Rays 5, Red Sox 1: Jake Odorizzi tames the Sox’ lineup, scattering seven hits. A lineup without Hanley Ramirez, who left in the first inning with a shoulder injury. Clay Buchholz continued to struggle, giving up five runs in six and a third. After the game he said “You go out there and try to throw a lot of strikes, not walk guys.” If you read that with a lot of emphasis on the “you,” as if he’s contrasting all other pitchers with himself, it sounds like a fairly accurate description of much of his past couple of seasons.

Rangers 2, Astros 1: The winning streak is over. A Jake Smolinski RBI single in the eighth and then a Robinson Chirinos sac fly in the ninth was all the Rangers needed because a first inning Evan Gattis sac fly was all the Astros got. The streak stops at 10 despite a fine outing from April AL Pitcher of the Month Dallas Keuchel (8 IP, 5 H, 1 ER, 8K).

Mariners 3, Angels 2: The AL Player of the Month had a decent night too, with Nelson Cruz going yard to snap a scoreless tie in the seventh.That’s his 14th on the year, and Cruz is on an 87-homer pace. I am inclined to believe he won’t keep it up, but man, I don’t think most folks expected him to even keep up his 2014 pace this year.  Felix Hernandez, whose greatness is rarely confined to single month, was excellent (7 IP, 6 H, 1 ER, 8K).

Giants 2, Padres 0: Madison Bumgarner tossed no-hit ball into the seventh and shutout ball into the eighth and the pen locked it down. In his last two starts he has beaten Clayton Kershaw and Tyson Ross and shut down the Dodgers and Padres’ potent lineups. He’s pretty good when you think about it some.

Nationals 6, Marlins 4: A comeback thanks to four in the eighth. The offensive charge was led by Yunel Escobar who had a career-high five hits. Ian Desmond hit a homer during that eighth inning. Tanner Roark got his first career save.

Blue Jays 3, Yankees 1: Russell Martin knocked in a run with a pinch-hit single in the eighth inning. We usually say “against his old mates,” and then I usually say “well maybe they weren’t his old mates because teams turn their rosters over so much” but then I remembered it was the Yankees and, yeah, they are his old mates because it’s been mostly the same guys there forever.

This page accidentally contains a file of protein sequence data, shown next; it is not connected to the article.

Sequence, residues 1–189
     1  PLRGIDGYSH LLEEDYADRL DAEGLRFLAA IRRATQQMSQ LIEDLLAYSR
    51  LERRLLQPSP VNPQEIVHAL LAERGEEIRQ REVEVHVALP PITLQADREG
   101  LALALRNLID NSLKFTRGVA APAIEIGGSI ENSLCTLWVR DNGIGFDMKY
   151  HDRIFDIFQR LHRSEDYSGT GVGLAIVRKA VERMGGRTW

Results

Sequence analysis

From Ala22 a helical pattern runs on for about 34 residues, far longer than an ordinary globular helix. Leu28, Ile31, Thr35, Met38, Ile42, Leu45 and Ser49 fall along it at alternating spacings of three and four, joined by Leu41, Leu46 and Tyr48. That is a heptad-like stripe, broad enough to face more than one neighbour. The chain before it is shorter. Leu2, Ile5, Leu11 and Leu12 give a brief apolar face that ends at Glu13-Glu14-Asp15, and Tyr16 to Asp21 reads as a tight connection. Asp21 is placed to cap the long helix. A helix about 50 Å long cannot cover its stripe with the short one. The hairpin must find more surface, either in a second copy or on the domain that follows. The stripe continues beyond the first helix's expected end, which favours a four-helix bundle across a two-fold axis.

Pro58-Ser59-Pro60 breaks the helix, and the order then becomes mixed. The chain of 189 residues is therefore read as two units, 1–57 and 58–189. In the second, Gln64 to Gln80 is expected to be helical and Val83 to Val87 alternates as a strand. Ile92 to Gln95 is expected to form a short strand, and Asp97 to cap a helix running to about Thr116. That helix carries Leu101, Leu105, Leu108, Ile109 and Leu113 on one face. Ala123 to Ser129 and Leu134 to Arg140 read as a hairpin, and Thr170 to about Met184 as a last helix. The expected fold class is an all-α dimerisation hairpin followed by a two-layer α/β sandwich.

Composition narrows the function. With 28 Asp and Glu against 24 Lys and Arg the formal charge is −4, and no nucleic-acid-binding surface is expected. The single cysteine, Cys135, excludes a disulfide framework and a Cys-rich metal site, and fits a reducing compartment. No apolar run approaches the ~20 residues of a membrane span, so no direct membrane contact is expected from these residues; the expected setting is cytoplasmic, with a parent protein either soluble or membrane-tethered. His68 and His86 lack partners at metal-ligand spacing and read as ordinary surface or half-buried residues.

Brewers 4, Dodgers 3: Craig Counsell is now the all-time leader in winning percentage among Milwaukee Brewers managers. His new club rallied for three runs in the eighth inning off of a tiring Clayton Kershaw and a less-than-jake Chris Hatcher. Gomezes Hector and Carlos helped key the rally, the latter with a homer the former with an RBI double.

Cardinals 10, Cubs 9: A five-run first inning for the Cubs was met with a four-run first inning for he Cards. Having lost a five-run lead early, the Cubs then went and lost a four-run lead later. when St. Louis rallied in the sixth and seventh. Mark Reynolds hit a grand slam in the first rally. The rally in the sixth and seventh was a little more sustained. The Cardinals’ 19-6 record is their best start since 1900. And it’s not like they haven’t had a couple other halfway decent squads in the past 115 years.

Twins 8, Athletics 7: Another 4-0 first inning lead blown, this one by Oakland. The big hit: a two-out, three-run homer by Torii Hunter in the sixth to break the 5-5 tie. After that the A’s tried to claw back but couldn’t quite get there. That’s five wins in a row for Minnesota.

Diamondbacks vs. Rockies: POSTPONED:All the rain

All the rain
Cover me now
All the rain
All the rain
Cover me now

Masahiro Tanaka struggled again

tanaka getty

Lost in the Yankees rocking Clay Buchholz and the Red Sox’s bullpen for 14 runs Sunday night is that Masahiro Tanaka had another unimpressive start as he continues to keep pitching and avoid Tommy John elbow surgery.

Tanaka completed five innings, which is three more outs than he got versus the Blue Jays on Opening Day, but he allowed four runs, struck out four batters compared to three walks, and got just five swinging strikes on 97 pitches. And his velocity was again underwhelming, with an average of 91 miles per hour on his fastball.

Through two starts last season Tanaka had 18 strikeouts and 34 swinging strikes versus 1 walk.

Through two starts this season Tanaka has 10 strikeouts and 17 swinging strikes versus 5 walks.

The good news is that he’s healthy and has shown he can certainly still get big-league hitters out with his diminished raw stuff, but so he looks nothing like the guy who went 13-5 with 2.77 ERA and 141/25 K/BB ratio in 136 innings as a rookie.